The U.S. weapons industry continues to lead the world as the greatest supplier of major arms and munitions, according to an authoritative analysis, fueling the global violence and turmoil that has soared to unprecedented levels in recent years.

The report (pdf), put forth by the Stockholm International Peace Research Institute (SIPRI) on Monday, found that the U.S. continues to dominate the global arms trade, driving 33 percent of total exports between 2011 and 2015. Continue reading

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Turkey: Will the US choose the wrong side of history again?

Turning Turkey into the next Syria has already begun – and the US could play a pivotal role in stopping it

Written by Carol Benedict, Independent Journalist

Historic Armenian church in the Sur district of Diyarbakir destroyed by Turkish army February 21, 2016. Image via Twitter.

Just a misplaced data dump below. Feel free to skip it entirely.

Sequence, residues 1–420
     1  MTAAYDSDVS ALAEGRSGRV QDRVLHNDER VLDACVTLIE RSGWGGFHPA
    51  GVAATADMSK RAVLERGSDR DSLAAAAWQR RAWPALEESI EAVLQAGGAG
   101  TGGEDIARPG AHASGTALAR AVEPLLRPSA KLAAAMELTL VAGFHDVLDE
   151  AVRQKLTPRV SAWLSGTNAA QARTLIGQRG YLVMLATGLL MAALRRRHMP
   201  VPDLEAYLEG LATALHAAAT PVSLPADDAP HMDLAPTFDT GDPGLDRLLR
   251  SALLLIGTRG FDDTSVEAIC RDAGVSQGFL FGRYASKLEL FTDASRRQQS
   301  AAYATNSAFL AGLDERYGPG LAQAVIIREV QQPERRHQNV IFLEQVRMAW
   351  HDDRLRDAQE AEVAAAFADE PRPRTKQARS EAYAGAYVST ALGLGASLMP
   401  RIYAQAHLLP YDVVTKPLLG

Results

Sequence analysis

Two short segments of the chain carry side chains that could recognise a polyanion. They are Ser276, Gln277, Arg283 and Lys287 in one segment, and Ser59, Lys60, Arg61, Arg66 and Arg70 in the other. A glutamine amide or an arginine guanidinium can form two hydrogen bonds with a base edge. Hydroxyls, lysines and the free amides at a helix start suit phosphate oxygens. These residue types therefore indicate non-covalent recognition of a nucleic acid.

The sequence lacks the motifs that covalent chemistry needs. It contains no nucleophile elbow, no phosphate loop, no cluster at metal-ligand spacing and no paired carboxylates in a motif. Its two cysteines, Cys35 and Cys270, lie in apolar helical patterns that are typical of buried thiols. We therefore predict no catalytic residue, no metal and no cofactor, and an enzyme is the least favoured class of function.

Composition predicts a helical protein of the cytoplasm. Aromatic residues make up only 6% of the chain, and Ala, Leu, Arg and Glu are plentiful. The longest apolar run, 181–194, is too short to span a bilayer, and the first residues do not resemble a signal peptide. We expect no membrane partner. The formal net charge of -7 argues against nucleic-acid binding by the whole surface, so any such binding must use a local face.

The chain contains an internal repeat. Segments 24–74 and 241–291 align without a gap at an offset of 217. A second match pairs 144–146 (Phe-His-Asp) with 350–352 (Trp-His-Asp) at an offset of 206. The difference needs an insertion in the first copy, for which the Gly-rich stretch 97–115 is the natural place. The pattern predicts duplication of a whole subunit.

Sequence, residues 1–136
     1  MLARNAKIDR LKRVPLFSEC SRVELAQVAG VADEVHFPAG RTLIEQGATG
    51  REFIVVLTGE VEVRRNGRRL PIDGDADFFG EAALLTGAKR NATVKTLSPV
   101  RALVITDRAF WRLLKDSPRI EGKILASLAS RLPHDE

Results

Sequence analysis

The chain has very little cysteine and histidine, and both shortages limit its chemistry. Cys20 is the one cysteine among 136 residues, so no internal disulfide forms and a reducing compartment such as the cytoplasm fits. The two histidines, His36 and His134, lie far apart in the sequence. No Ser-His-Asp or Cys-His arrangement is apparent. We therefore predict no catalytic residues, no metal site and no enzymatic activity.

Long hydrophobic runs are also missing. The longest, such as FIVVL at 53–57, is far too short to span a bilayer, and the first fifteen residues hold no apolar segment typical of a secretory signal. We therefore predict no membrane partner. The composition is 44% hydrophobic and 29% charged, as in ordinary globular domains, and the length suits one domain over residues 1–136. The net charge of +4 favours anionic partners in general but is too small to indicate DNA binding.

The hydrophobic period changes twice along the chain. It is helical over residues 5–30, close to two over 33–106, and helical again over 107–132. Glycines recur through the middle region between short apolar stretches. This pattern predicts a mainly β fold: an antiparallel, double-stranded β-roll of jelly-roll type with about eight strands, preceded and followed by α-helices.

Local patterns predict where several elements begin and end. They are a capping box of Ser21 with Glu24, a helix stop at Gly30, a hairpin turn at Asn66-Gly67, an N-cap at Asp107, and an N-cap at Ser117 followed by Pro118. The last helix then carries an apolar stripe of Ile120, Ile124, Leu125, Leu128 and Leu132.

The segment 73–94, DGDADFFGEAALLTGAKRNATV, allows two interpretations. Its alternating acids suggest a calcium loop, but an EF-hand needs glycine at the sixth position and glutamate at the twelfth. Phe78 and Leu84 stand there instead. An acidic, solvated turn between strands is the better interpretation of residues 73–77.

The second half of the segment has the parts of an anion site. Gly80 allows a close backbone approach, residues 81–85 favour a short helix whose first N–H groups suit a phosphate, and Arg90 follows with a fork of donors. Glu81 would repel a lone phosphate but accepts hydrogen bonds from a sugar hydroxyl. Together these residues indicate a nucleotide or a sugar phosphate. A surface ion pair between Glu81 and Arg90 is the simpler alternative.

Historic Armenian church in the Sur district of Diyarbakir destroyed by Turkish army February 21, 2016. Image via Twitter.

Continued reports coming out of Turkey indicate a dire situation, worsening daily for the civilian population in the southeast region that is predominantly Kurdish. American media still refuse to cover this crisis, leaving most Americans clueless of not only what is wrong in Turkey, but why their own government is now in a precarious situation which has distasteful outcomes regardless the decisions made.

Because the US has a track record of basing policy decisions on oil and strategic military interests, it remains to be seen if they can take the moral high ground in the war against terror, or if they will buckle to the whims of a megalomanic bent on the destruction of the civilian Kurdish population within his own country.